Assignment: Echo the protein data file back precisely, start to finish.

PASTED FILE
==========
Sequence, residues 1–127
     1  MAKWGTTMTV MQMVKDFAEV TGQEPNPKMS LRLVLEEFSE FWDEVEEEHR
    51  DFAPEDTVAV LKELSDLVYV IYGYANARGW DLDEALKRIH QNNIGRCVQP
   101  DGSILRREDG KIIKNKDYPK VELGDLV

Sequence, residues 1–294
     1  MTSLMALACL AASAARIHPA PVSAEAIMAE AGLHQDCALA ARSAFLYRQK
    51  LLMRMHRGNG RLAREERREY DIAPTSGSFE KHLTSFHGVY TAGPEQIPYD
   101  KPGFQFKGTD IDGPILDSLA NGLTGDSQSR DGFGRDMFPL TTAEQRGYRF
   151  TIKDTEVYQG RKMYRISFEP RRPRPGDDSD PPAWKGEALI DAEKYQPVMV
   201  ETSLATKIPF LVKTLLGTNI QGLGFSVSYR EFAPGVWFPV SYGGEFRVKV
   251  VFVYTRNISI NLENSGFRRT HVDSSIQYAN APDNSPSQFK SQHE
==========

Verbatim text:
Sequence, residues 1–127
     1  MAKWGTTMTV MQMVKDFAEV TGQEPNPKMS LRLVLEEFSE FWDEVEEEHR
    51  DFAPEDTVAV LKELSDLVYV IYGYANARGW DLDEALKRIH QNNIGRCVQP
   101  DGSILRREDG KIIKNKDYPK VELGDLV

Sequence, residues 1–294
     1  MTSLMALACL AASAARIHPA PVSAEAIMAE AGLHQDCALA ARSAFLYRQK
    51  LLMRMHRGNG RLAREERREY DIAPTSGSFE KHLTSFHGVY TAGPEQIPYD
   101  KPGFQFKGTD IDGPILDSLA NGLTGDSQSR DGFGRDMFPL TTAEQRGYRF
   151  TIKDTEVYQG RKMYRISFEP RRPRPGDDSD PPAWKGEALI DAEKYQPVMV
   201  ETSLATKIPF LVKTLLGTNI QGLGFSVSYR EFAPGVWFPV SYGGEFRVKV
   251  VFVYTRNISI NLENSGFRRT HVDSSIQYAN APDNSPSQFK SQHE